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In Slavic mythology, the word “zmey” (Bulgarian and Russian: змей, Macedonian: змеj) and its cognates zmiy (Polish: żmij, Ukrainian: змій) and zmaj (Serbian: змај, Croatian, Slovene: zmaj), are used to describe a dragon. These words are masculine forms of the Slavic word for "snake", which are normally feminine (like Russian zmeya).
In Romania, there is a similar figure, derived from the Slavic dragon and named zmeu. In Polish and Belarusian folklore, as well as in the other Slavic folklore, a dragon is also called smok (смок, цмок, smok).
In Russia and Ukraine, a particular dragon-like creature, Zmey Gorynych (Russian: “змей Горыныч” or Ukrainian: “змій Горинич”), has three heads, is green, walks on two back paws, has small front paws, and spits fire. According to one bylina, Zmey Gorynych was the dragon killed by Dobrynya Nikitich.
Other Russian dragons (such as Tugarin Zmeyevich) have Turkic names, probably symbolizing the Mongols and other steppe peoples. Accordingly, St George (symbolizing Christianity) killing the Dragon (symbolizing Satan) is represented on the coat of arms of Moscow. Some prehistoric structures, notably the Serpent's Wall near Kiev, have been associated with dragons as symbols of foreign peoples.
Russian dragons usually have heads in multiples of three. Some have heads that grow back if every single head isn't cut off or the headless neck isn't covered immediately in ash or burnt.
In Bulgaria, Macedonia, Slovenia, Croatia, Bosnia and Herzegovina, Serbia and Montenegro, there is a division between two types of dragon-like creatures: zmaj/zmej and aždaja/hala. In Bulgaria, as well as Macedonia, there is a third type of a dragon-like creature called lamya. For instance, a Bulgarian legend tells how a hero called Mavrud cut off the heads of a hydra-like monster called Lamya. The story seems to symbolise the pruning of grape vines, and there is a popular Bulgarian grape variety named Mavrud.
In Slovenia, a dragon is called zmaj, although an archaic word of unclear origins, pozoj, is sometimes used as well. Dragons in Slovenia are generally negative in nature, and usually appear in relation with St. George. Other, presumably pre-Christian folk tales relate stories of dragons defeated similarly as the Polish Wawel Dragon, by feeding them with sulphur stuffed sheep. However, the dragon is not always harmful to man. The best example of this is the Ljubljana Dragon, who benevolently protects the city of Ljubljana and is pictured in the city's coat of arms.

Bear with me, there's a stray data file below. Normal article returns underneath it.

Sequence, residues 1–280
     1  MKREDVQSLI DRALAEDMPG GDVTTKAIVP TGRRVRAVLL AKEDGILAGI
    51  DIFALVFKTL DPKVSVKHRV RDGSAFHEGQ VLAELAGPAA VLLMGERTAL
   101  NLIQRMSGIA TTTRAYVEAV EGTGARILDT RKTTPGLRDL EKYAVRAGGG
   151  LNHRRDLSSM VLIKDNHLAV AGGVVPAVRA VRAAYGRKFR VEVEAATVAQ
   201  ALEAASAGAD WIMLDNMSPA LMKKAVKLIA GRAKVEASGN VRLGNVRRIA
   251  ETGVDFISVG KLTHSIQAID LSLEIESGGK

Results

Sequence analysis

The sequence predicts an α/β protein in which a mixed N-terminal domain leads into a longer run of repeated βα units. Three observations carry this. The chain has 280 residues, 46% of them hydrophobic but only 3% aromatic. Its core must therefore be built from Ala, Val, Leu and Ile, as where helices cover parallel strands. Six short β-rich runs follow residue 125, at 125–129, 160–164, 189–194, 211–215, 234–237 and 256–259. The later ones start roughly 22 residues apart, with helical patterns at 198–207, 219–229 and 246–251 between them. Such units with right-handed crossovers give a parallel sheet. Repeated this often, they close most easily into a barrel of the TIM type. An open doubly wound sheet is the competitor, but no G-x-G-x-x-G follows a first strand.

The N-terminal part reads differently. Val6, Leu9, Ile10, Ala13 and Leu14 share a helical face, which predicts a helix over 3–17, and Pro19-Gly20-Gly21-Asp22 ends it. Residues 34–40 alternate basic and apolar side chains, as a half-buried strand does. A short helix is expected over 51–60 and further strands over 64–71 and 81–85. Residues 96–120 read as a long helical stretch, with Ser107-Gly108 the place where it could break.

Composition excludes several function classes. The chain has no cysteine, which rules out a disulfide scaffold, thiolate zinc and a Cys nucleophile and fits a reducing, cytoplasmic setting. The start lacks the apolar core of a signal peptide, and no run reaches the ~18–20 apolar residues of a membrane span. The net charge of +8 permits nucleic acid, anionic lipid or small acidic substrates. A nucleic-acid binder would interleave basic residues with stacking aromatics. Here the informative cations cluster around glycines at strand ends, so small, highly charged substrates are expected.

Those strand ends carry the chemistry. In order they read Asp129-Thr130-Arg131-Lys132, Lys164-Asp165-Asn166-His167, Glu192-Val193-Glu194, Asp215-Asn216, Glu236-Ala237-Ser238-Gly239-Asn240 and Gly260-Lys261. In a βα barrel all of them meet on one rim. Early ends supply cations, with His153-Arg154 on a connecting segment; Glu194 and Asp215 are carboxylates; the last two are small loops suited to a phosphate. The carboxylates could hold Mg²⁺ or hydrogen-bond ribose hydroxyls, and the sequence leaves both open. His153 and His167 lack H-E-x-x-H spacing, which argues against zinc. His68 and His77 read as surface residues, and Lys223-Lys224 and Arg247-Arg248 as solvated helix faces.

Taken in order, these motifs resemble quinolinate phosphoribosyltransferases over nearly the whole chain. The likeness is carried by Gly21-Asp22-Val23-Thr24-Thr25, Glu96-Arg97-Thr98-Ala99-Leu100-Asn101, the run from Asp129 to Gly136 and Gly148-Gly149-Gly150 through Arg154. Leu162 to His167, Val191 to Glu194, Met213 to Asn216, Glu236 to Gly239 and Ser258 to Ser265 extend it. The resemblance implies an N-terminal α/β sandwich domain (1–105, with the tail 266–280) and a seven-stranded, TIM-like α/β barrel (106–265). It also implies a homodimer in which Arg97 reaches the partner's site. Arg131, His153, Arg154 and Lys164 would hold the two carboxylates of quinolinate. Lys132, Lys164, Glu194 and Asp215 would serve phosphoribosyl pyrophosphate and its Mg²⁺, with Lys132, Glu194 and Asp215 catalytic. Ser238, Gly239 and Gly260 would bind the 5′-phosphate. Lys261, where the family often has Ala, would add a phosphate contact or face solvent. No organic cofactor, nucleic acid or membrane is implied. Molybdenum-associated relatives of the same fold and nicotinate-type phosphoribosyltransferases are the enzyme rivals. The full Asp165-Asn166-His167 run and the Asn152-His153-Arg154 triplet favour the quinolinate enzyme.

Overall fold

In all the South Slavic folklore, a dragon is called zmaj, żmij, zmej (змей, змеј). It can also be called a zmajček/zmajić, which is an endearing diminutive form of the word zmaj. It is considered as "extremely intelligent, wise and knowledgeable" creature of "superhuman" strength and proficiency in magic, very rich (usually described as having castles of enormous riches hidden in distant lands) and often lustful for women, with whom it is capable of making offspring. It often breathes fire and is generally accepted as a highly respected being, and while not always being benevolent, never as an entirely evil creature. Legends were spread about many historical and mythical heroes that they were conceived by a dragon.
Some famous national heroes were considered to be dragons in the respective national folklore. One example would be Husein-Kapetan Gradaščević, a successful Bosniak general who fought for Greater Bosnian independence from the Ottoman Empire. He is often referred to as "Zmaj od Bosne", meaning "The Dragon of Bosnia". The Serbian Despot Vuk Grgurević was also known as 'Zmaj-Ognjeni Vuk' (Vuk the Fiery-Dragon) because of the viciousness of his reign and victorious battles he waged against the Turks. There is also an ancient type of dog in Serbia sometimes referred to as the "Zmaj" by its keepers, but it bears no relation to the mythical reptiles apart from being immortalized in Sylvanian folklore as the protector of man against "dragons" and other evils.
Aždaja or aždaha (from Persian), sometimes ala or hala is generally considered to be a creature separate from dragons and a polar opposite to them in its nature. It is a being of pure evil, a dragon-like beast and dreadful monster with no reason, that usually lives in dark and hostile places, or guards unreachable locations in fairy-tales. It is often multi-headed (with 3, 7 or 9 heads) and breathes fire. In Christian mythology and iconography, the famous St. George icon is described as 'slaying the aždaja/aždaha', and not a zmaj.
- Chuvash dragon
- Smok Wawelski - dragon of Kraków
- Zahhak (or Aži Dahāka) - Iranian dragon
- Zilant - dragon of Kazan
- Zirnitra - Wendish dragon and god of sorcery
- Dobrynya Nikitich and Zmey Gorynych (2006 animated feature film)